Oil find brings Barents into the fold

Norsk Agip may have opened up a new oil province, following its unexpected exploration success in the Barents Sea.

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Norsk Agip may have opened up a new oil province, following its unexpected exploration success in the Barents Sea. Well 7/22/7-1, drilled by the semisub Transocean Arctic to a total depth of 1,500 meters, found oil in Jurassic sandstone. Preliminary reserve estimates are 150-250 million bbl, according to the Norwegian Petroleum Directorate. The location, in 380 meters water depth, is 85 km north of Hammerfest on Norway's northern coast.

Wells in the Barents Sea are a rare event, but this was the second in a series being drilled by the rig for three operators. Its previous effort, for Norsk Hydro, was dry. The rig has now moved on to the Troms III area to drill another wildcat for Norsk Agip, before wrapping up the program with a well for Statoil. Just 50 km to the northwest, in similar water depths, is Statoil's old gas discovery Snohvit, currently under re-evaluation by ABB for a subsea development with onshore LNG conversion. Snohvit also has a thin oil zone, although this reportedly does not figure in the proposed project.

Statoil has also spudded its first wildcat in the Nordland VI exploration province in the Norwegian Sea, southwest of Rost in the Lofoten Islands. This area was only opened for oil exploration in 1994, due to concerns over fishing and the local seabird population. Well 6710/10-1, performed by the drillship West Navion, was due to be completed early in November.

Elsewhere in the North Sea, Norsk Hydro has discovered oil and gas in two separate formations with the same well, close to its Brage production complex. However, results are thought to have been below expectations. And in the UK Central sector, Talisman reports another minor extended reach success, this time from the elderly Clyde platform. The find, named North Leven, tested 12,080b/d of 39-degree API crude, and is already producing through the Clyde facilities.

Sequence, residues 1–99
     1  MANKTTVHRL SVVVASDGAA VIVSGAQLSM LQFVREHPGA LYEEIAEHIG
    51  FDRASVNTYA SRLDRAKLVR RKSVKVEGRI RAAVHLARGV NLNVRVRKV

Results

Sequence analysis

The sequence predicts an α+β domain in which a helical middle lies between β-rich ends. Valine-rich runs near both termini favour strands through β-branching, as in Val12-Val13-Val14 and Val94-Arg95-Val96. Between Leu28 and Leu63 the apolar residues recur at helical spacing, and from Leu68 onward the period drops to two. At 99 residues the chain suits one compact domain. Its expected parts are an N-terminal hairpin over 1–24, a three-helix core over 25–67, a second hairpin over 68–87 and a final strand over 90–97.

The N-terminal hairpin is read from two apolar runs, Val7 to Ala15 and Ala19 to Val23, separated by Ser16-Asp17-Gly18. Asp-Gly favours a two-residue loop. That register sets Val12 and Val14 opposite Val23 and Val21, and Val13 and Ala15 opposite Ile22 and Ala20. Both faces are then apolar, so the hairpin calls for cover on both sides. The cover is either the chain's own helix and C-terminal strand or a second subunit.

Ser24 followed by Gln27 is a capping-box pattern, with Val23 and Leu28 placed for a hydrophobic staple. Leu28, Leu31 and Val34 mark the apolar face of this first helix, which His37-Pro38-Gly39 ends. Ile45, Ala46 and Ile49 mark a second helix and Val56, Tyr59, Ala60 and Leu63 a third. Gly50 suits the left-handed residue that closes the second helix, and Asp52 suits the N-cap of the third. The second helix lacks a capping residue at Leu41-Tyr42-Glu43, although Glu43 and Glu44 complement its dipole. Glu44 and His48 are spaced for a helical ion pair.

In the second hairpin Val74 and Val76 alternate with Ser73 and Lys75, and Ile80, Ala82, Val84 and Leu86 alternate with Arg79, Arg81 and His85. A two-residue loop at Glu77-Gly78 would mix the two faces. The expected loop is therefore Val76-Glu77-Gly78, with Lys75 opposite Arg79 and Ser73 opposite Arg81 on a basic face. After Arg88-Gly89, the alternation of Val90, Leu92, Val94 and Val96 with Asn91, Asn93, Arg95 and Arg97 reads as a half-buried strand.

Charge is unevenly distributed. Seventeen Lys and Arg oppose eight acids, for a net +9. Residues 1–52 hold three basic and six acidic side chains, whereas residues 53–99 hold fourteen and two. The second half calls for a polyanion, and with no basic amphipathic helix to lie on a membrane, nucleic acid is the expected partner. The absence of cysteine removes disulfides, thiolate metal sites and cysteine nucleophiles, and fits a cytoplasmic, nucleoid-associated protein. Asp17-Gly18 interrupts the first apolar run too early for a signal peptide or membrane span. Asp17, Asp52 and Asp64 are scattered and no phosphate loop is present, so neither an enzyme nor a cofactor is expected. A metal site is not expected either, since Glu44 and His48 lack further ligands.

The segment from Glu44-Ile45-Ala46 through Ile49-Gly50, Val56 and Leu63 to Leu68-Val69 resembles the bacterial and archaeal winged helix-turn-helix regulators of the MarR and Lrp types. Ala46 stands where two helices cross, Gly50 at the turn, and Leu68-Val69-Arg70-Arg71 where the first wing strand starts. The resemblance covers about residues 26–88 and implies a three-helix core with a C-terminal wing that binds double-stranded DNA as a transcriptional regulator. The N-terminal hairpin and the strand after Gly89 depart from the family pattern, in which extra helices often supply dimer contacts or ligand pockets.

Leadon, Chestnut boost FPSO fleet

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Kerr-McGee also announced two new discoveries, but in the context of a new multi-field, FPSO-based development in the UK North Sea. Birse and Glassel are two small oilfields situated five miles from Leadon, which is the cornerstone of the development. All lie in blocks 9/14a and 9/14b, and are owned 100% by Kerr-McGee. Leadon, itself only discovered early this year, has been valued upwards following a rapid sequence of appraisal well successes - the latest estimate is 120-170 million bbl for the Greater Leadon area, with further untapped exploration potential.

The FPSO, ordered from Mitsui in Tokyo, is an Aframax hull once earmarked as a potential drillship. Swan Hunter in Tyneside, northern England, will handle topsides construction (the same yard that delivered the revamped pipelayer Solitaire), with Brown & Root in Aberdeen responsible for detailed engineering. The floater will be named the Kerr-McGee Global Producer III, and should be on station by end-2002, handling 50,000 b/d of crude at peak. Development costs are put at $600-700 million, making this the biggest new UK project for some time.

High oil prices have also persuaded Premier Oil to book Brovig's production vessel Crystal Ocean for a 100-day test on the small Chestnut Field in UK block 22/2a. The semisubmersible Drillstar was due to spud a horizontal appraisal well on the field this month. Depending on the outcome, permanent production could ensue from Q3 2001, which would be enhanced by the addition of a water injector. Brovig would invest $42 million in both production phases, in exchange receiving a net profit interest of 20%, rising to 35%. That translates as a day-rate for the vessel of $60,000-80,000, according to the prevailing oil price.